Aide et Action promotes education to improve the lives of future generations


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In Guinea, our Girls-Friendly School project aims to contribute to the emergence of an environment favorable to the schooling, retention and success of children in school, especially girls. A teacher and a student explain to us how he made a difference.

Complementary courses changed my life

My name is Bilguissa Camara and I am a student in the second grade at General Lansana-Conté high school in Koba, Guinea. I did my primary studies at the Tatema school built by Aide et Action and which benefited from the Girls-Friendly School Project. Before its implementation, I had repeated the CM2 class and had not been able to go to college. Thanks to this project, I was able to overcome my learning difficulties. A teachers’ association has been set up, with the support of Aide et Action, to give additional lessons to students. This support was very important to my success in cheering me up, encouraging me to stay in school and allowing me to fill my gaps. I am fatherless and motherless and would not have been able to afford tutoring. It was decisive since the second attempt at the end of primary school exam was the right one. I see myself today as a privileged girl. I have successfully completed primary school and am only two years away from the final year. What few girls are fortunate enough to achieve. My dream is to become a banker for a better life. Without education, it would never have been possible.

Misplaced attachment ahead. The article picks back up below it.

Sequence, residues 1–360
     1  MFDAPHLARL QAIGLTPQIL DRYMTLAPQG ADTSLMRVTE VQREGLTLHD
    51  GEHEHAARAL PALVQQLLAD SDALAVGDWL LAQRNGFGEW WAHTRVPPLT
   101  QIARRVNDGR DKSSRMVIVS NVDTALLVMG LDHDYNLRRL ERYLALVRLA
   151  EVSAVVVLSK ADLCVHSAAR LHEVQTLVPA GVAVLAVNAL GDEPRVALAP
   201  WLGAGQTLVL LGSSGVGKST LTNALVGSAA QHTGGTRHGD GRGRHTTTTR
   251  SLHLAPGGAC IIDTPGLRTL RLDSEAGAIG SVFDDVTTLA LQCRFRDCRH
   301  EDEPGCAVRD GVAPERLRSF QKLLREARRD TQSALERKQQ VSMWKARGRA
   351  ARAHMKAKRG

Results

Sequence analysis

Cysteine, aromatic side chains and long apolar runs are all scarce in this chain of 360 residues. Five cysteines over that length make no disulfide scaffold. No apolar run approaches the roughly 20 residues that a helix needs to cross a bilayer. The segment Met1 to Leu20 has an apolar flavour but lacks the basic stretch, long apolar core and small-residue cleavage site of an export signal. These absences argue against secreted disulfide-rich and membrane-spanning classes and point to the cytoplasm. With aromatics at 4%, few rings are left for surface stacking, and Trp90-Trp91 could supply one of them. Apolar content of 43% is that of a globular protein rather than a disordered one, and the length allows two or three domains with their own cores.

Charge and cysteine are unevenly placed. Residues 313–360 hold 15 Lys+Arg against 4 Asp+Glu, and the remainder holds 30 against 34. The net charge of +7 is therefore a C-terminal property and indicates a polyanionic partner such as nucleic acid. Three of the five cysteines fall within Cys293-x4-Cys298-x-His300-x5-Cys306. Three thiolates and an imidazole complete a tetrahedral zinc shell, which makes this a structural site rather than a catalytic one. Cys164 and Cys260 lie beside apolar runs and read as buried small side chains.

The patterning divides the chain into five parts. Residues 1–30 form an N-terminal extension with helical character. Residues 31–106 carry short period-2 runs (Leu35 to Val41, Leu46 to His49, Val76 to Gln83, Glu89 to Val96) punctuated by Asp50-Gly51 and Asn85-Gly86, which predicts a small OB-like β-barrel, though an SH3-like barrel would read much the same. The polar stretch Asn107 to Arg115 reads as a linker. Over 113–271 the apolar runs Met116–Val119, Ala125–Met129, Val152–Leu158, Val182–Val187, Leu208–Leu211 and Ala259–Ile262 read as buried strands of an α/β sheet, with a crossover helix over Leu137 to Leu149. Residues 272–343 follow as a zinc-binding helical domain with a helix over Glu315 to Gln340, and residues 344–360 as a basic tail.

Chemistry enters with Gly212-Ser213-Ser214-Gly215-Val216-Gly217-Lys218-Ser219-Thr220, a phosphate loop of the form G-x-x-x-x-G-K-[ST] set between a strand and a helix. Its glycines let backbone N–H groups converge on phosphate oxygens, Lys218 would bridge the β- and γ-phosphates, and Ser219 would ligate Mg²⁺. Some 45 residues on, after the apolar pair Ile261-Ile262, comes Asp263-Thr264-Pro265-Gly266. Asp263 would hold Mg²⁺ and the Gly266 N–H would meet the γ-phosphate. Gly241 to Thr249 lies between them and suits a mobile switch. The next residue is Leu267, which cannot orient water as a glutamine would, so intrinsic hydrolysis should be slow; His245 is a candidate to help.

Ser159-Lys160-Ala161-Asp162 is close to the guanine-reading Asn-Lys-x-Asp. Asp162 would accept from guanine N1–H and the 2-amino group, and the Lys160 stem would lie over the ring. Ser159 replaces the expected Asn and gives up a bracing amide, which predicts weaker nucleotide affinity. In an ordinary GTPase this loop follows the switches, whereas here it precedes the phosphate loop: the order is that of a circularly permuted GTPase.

The great merit of the association is to have built relations of dialogue

I am Yattara Binty Ndiaye, director of the Tatema primary school and president of the Koba teachers’ association. My first meeting with Aide et Action dates back a very long time. I was a teacher in a school built by the association. These ties were reinforced with the Girls’ Friendly School project, which was quite different from what we used to see. In fact, he was interested not only in enrolling girls in school, but especially in attendance and the completion of the primary cycle by passing the college entrance exam. This is how Aide et Action led to the establishment of an association of female teachers in Koba. The association offered complementary courses to pupils with difficulties noted. She raised awareness in the communities for the enrollment of girls, especially in school, and addressed families whose children accused of irregularity in attendance. The great merit of the association is to have built relationships of dialogue between families and the school. And what is positive is that we are involved in solving the problems that hinder students’ success in school. Thanks to the project, the association of women teachers, of which I am the president, has received great recognition from educational authorities and local authorities. Our teaching colleagues now call on our association to improve the education of students.

Last year, the Girls’ Friendly School project supported 5,000 children, 4,000 adults, 150 teachers and 21 schools. Its objective is to respond to the three problems that the Guinean school faces: the low enrollment of girls in rural areas, the high dropout rate and insufficient involvement of communities and parents in the management of the school. By acting on these brakes and promoting quality education for all, Aide et Action is convinced that the lives of future generations can be profoundly improved.

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